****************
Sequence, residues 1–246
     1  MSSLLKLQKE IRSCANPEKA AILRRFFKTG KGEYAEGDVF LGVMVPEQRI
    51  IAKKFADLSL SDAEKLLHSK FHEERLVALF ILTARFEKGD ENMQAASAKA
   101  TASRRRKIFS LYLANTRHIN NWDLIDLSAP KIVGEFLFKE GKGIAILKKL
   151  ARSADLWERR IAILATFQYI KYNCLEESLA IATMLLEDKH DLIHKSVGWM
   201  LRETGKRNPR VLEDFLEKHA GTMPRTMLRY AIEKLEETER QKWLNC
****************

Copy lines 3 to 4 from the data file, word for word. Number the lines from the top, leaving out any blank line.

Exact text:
    51  IAKKFADLSL SDAEKLLHSK FHEERLVALF ILTARFEKGD ENMQAASAKA
   101  TASRRRKIFS LYLANTRHIN NWDLIDLSAP KIVGEFLFKE GKGIAILKKL